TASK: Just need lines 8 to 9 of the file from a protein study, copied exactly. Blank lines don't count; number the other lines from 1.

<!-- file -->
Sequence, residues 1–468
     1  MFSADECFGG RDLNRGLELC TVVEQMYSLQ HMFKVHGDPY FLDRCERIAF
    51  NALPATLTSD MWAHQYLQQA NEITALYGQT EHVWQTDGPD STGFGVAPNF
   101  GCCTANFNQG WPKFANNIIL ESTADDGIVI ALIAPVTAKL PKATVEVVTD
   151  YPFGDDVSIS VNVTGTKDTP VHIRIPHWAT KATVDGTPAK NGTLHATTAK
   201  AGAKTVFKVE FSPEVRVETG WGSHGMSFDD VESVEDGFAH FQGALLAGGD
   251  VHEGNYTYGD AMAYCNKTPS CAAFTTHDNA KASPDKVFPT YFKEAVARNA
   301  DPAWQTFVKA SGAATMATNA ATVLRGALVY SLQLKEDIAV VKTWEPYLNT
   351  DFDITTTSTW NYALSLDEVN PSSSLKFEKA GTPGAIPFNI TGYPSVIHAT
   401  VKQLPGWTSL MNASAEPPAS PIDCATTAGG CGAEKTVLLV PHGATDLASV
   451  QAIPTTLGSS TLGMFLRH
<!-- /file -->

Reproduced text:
   301  DPAWQTFVKA SGAATMATNA ATVLRGALVY SLQLKEDIAV VKTWEPYLNT
   351  DFDITTTSTW NYALSLDEVN PSSSLKFEKA GTPGAIPFNI TGYPSVIHAT